I'm Not Trying to be Dramatic, But I'm in Hell
Ladies, is your man engaging in the method of quasi-scientific self-improvement that’s currently mandated by high-status urbanites aged 21-45? If not, run, girl.
Before you go worrying or lecturing over my title here, let me say my personal life has never been better, really. But my total alienation from what I take to be my culture and its various attitudes and assumptions just grows and grows. Every day, it seems, there’s a fresh horror, and nowhere does it smack me in the face more than with mental health.
The above advertisement, which I think premiered in 2022, takes the medical tool of therapy and renders it a bit of dating-market gamesmanship, something bros just have to get on board with in order to hook up with high-value gals. I don’t expect a 30-second advertisement to reflect the reality that therapy is a frequently-adversarial process, that it’s at times uncomfortable by design, that it only works for certain kinds of problems, or that there are times when it can actually exacerbate them. And while I certainly do hold it against them for contributing to the corrosive “everybody should be in therapy” attitude - which is little different from believing that everybody should be on antibiotics - I also know that a for-profit therapy company is going to be pushing that line. (A macro-problem with for-profit medicine lies in the fact that the financial incentive is always to go on treating a medical problem forever without curing it.) What really gets to me is how a therapy company is going out of its way to make therapy appear so trivial, how the characters appear deliberately portrayed as unserious people and therapy so unapologetically represented as just a dating-market football. The commercial is somehow both grandiose about therapy’s purpose and dismissive about therapy’s actual use.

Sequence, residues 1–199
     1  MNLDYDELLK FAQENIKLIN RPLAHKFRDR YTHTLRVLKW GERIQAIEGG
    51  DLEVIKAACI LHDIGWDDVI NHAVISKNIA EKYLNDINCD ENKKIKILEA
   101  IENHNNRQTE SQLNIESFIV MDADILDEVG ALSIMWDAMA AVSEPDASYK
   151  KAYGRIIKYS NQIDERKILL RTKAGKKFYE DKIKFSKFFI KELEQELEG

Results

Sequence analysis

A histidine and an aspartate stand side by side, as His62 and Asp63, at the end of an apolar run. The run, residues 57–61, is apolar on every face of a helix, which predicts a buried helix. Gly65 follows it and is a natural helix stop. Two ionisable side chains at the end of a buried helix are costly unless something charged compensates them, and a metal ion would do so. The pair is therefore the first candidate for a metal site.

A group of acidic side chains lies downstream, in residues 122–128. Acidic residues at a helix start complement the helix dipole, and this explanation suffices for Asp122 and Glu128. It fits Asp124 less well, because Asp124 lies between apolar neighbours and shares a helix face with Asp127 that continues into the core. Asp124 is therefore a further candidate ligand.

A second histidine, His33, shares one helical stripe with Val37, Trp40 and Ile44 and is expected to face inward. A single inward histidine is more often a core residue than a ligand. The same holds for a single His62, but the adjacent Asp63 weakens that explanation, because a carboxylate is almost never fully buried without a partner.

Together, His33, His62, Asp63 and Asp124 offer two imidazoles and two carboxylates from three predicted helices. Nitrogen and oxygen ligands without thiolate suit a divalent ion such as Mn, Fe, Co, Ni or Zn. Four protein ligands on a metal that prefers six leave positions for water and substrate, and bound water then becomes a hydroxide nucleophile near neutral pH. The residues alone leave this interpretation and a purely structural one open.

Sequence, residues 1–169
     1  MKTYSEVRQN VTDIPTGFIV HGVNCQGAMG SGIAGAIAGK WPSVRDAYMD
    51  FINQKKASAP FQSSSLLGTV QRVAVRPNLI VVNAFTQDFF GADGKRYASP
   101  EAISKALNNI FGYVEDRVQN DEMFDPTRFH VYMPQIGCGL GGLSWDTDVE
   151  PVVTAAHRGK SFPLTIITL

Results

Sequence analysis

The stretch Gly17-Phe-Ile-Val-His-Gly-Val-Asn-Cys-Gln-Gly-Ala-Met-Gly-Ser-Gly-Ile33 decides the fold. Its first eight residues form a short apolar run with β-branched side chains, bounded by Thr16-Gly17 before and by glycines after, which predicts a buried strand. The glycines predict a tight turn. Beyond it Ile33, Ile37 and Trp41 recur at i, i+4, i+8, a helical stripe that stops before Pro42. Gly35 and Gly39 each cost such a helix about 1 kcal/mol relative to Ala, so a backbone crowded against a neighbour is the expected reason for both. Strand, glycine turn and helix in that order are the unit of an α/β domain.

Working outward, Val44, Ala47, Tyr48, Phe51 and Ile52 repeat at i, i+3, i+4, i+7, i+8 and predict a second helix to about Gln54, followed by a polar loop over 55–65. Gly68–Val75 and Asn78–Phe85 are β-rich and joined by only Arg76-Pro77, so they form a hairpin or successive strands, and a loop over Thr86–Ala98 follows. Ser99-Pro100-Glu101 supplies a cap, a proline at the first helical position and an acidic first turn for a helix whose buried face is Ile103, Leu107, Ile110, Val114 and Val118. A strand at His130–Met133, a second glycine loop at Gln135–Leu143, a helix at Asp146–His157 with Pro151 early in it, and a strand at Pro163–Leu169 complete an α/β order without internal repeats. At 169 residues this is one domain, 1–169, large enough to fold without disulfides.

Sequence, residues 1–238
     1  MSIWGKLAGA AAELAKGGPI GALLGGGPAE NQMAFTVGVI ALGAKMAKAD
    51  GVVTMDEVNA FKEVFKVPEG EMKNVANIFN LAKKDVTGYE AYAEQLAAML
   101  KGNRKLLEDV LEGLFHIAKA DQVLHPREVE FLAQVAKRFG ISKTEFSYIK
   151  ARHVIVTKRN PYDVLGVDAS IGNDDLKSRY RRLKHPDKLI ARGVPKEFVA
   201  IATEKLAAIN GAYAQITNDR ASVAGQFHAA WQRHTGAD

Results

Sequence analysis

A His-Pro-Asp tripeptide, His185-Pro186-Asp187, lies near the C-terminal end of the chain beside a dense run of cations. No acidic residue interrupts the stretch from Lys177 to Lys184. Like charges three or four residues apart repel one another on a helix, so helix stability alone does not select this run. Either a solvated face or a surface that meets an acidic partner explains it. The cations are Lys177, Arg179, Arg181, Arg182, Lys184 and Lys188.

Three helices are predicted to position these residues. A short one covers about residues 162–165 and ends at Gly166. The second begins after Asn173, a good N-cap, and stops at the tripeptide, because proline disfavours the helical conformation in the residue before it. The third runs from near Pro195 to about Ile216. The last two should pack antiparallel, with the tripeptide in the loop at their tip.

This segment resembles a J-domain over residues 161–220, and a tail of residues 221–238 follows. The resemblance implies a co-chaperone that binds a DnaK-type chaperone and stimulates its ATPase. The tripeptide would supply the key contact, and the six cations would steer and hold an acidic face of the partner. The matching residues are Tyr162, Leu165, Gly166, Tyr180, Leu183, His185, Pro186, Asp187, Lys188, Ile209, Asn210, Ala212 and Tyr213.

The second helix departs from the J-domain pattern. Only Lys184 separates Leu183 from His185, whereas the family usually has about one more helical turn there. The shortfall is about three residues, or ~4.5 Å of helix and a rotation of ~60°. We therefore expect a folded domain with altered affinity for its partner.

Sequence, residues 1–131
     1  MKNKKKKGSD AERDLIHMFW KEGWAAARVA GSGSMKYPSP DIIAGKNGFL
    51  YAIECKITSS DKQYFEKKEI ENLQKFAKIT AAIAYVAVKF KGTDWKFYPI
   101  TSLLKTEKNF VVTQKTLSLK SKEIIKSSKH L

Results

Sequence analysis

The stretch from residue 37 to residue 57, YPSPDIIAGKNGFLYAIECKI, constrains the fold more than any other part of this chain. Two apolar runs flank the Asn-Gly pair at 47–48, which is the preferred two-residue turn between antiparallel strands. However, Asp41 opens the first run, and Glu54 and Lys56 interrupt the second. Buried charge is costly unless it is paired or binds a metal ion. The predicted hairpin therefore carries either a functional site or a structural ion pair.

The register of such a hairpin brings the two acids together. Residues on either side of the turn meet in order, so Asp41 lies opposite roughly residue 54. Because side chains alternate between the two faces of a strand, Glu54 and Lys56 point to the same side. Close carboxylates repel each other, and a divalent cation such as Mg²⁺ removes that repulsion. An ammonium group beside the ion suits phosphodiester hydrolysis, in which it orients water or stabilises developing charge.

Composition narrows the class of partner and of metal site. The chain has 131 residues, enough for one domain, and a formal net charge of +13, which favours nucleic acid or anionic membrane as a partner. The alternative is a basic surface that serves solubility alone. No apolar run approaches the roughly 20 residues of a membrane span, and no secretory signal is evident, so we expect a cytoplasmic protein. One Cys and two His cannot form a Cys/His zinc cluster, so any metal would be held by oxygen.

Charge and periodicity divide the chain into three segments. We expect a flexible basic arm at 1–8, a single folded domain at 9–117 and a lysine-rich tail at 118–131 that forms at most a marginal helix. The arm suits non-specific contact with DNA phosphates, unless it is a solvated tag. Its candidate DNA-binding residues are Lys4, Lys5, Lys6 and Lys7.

I don’t know how it is that we’ve simultaneously spent so much time validating and honoring people who struggle with their mental health and at the same time made mental health as a topic so frivolous.
I appreciated this conversation about TV therapy from The New Yorker. In it, Inkoo Kang says “I feel like there’s this idea that therapy is easy. And then you actually go to therapy, and you’re, like, ‘Oh, this is actually the worst.’ That particular realization is very rarely dramatized.” I would argue that if therapy never feels like the worst, then you probably aren’t getting as much as you could out of the therapeutic process. Part of what makes finding and sticking with a therapist so difficult is that it’s close to impossible to divide your sense of what you want from a therapist from a broader understanding of what you need from a therapist. Are you sure you don’t like your current therapist because you’re “just not vibing with them”? Are you sure you want to fire your therapist because they seem “toxic”? Or is it because you signed up for therapy expecting it to be a constant exercise in validating everything you think and say and instead you’re one of the lucky few with a therapist who actually does their job and sometimes calls you on your bullshit? Of course, some therapists really aren’t very good, or more commonly, you can be a receptive patient and the therapist can be a competent practitioner but you have communication styles that just don’t gel. These things can be very difficult to parse on your own, which is why I always tell people to give it more time than they think they need. But either way, nothing is served by this effort to make therapy just another elite checklist item that shows you’re an enlightened person, except maybe Betterhelp’s share price.